Paris Rooftops


Due to the cheap rents for artists, the two main hills of Paris, Montparnasse and Montmartre have seen the birth of modern art. Discover two stunning views on the modern city, while following the footsteps of Renoir, Van Gogh, Picasso, and Modigliani.

The tour starts in the morning, with breakfast at the Ciel de Paris on the 56th floor of the Montparnasse Tower. It ends at the Sacré-Coeur, the highest point of the City.

During this journey between these two amazing views, you will enjoy culinary intermissions, learn about the tastes of Picasso and his friends, and about their art, inspired by forgotten aspects of the city.

Cost per private group of 1-4

For reasons easy to understand, the architectural patrimony of Paris is heavily protected. The Tour Montparnasse is actually the only skyscraper in Paris and this is why it boasts one of the very best views in Paris. As we have breakfast on the 56th floor of the Tower, enjoy the flaky, buttery croissants, and learn the surprising history of the city development, as your private guide gets you acquainted with the layout of Paris.

After this introduction, we will walk through the eclectic area and visit legendary bars like La Coupole, where all the important artists of the early 20th century met. Then, a visit to the studio-museum Zadkine, will give you a glimpse of their everyday life. Discover the museum with the anecdotes that your guide will tell you as he brings back to life the exciting times of Picasso and Modigliani in the 30s.


A taxi or metro will then take us to the other hill, where we will then stop to get a taste of traditional cuisine revisited by a young brilliant chef in a trendy bistro. Through the narrow streets of the Montmartre hill, you will pass cabarets, bars, and bistros, little corners of preserved nature, former cabarets, streets full of memories of artists, their models, and their bohemian habits. Take in the famous panoramic view over Paris from the stairs of the beautiful Sacré-Coeur, a focal point of this symbolic part of the city.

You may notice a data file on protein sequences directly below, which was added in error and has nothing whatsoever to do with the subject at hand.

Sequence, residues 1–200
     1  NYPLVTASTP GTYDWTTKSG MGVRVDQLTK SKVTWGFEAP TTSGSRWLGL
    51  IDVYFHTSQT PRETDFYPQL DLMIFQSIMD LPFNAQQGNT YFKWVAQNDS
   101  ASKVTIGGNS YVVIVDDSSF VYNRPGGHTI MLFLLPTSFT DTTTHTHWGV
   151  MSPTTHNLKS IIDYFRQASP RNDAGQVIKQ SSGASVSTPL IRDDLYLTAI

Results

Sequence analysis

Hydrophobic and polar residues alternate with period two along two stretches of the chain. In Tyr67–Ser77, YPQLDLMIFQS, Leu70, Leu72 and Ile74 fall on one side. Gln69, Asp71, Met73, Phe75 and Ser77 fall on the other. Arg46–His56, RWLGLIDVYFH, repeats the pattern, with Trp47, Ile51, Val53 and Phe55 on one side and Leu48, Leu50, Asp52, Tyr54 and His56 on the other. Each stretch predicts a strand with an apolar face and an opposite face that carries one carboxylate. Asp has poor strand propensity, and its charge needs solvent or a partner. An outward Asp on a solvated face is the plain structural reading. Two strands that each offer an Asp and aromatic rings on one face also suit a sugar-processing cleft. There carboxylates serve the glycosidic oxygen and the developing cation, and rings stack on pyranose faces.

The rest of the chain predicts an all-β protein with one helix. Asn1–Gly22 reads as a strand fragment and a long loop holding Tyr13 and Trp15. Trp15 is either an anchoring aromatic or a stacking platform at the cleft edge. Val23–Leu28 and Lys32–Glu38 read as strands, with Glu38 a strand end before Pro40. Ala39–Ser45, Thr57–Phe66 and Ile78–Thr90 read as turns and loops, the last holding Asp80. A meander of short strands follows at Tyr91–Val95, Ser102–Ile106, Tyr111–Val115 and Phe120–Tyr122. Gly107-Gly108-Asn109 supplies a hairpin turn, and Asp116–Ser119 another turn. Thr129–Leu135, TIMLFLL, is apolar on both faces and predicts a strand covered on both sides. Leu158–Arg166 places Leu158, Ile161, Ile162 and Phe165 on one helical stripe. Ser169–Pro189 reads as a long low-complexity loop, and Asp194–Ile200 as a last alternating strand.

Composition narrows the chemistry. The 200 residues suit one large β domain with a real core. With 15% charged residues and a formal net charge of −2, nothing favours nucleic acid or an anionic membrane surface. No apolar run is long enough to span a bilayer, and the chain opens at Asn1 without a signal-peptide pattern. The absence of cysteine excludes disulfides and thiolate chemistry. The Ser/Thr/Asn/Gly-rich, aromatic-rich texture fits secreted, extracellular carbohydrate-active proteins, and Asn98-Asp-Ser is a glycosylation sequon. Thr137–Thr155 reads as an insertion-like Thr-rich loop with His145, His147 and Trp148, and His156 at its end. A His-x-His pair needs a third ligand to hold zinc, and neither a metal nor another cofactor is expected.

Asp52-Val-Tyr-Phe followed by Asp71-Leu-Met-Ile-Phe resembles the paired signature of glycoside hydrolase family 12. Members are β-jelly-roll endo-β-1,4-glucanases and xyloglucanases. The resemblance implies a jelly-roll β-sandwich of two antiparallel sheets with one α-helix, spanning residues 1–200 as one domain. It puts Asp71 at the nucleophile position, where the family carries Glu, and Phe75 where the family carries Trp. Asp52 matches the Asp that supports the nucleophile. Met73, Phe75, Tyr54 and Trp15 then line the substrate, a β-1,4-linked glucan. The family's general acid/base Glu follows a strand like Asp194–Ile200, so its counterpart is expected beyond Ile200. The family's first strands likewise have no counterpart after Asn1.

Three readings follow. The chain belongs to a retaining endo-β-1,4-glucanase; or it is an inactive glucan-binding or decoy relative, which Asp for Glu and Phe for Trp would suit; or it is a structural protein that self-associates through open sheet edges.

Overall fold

Finally, conclude this voyage across the food and arts of Paris at la Nouvelle Athènes, where you can sample some of the best pastries and chocolate around a cup of tea or a Champagne tasting. 


He wrote Ulysses but had trouble reading the menu

'In Paris, Joyce and his family dined out every evening. His particular restaurant -this was in the early 'twenties - was the one opposite the Gare Montparnasse, Les Trianons. The proprietor and the entire personnel were devoted to Joyce. They were at the door of his taxi before he alighted and they escorted him to a table reserved for him at the back, where he could be more or less unmolested by people who came to stare at him as he dined, or brought copies of his works to be autographed.

The head-waiter would read to him the items on the bill of fare so that he would be spared the trouble of getting out several pairs of glasses and perhaps a magnifying glass. Joyce pretended to take an interest in fine dishes. He urged his family and the friends who might be dining with him to choose the best food on the menu. He liked to have them eat a hearty meal and persuaded them to try such and such a wine”.

Sylvia Beach, Shakespeare and Company, 1922.

- Continental Breakfast with a panoramic view onto the City of Lights in the highest restaurant of Paris.

- Guided walk through the history of the brasseries in the neighborhood of Montparnasse.

- Lunch in a typical Parisian bistro.

- Montmartre and the legendary view from the stairs of the Sacré-Coeur.



Available: Daily
Start Time: 10am
Duration: 4 Hrs
Meeting Point: Exit of Metro Edgar Quinet
Includes: Private Guide
Excludes: Cost of Transfers, Meals,Tastings

Additional Info


"The cheese tasting with Virginie was magnificent! She went to so much trouble: the table was perfectly decorated and her cheeses were sublime! We couldn’t have asked for a more welcoming and charming hostess!"    

Cafe in Montmartre


The new bistronomy has roots in the time just before the Revolution of 1789: at that time, the first French restaurants had only just started to appear. Following the uprising, the former servants of the aristocracy were faced with a drastically changed society, and had to find new jobs. Using their knowledge of cuisine and catering, the most enterprising became the first restaurant owners. They created the culture of gastronomy that we know today, no longer ostentatious and lavish, but a gastronomy that could be shared by all French citizens, and then by the whole world.

The creations of the new wave of bistros chefs are made up of local and seasonal products bought fresh from the day, far away from the stuffy atmosphere and painful bills of three stars restaurants.



The first restaurant in Paris opened in 1785. Its founder, M. Boulanger, came up with the new word “restaurant,” taking it from the verb “restore” (in French, “restaurer”). On the outside of his establishment a sign said in Latin : come all you who are hungry and I will restore you.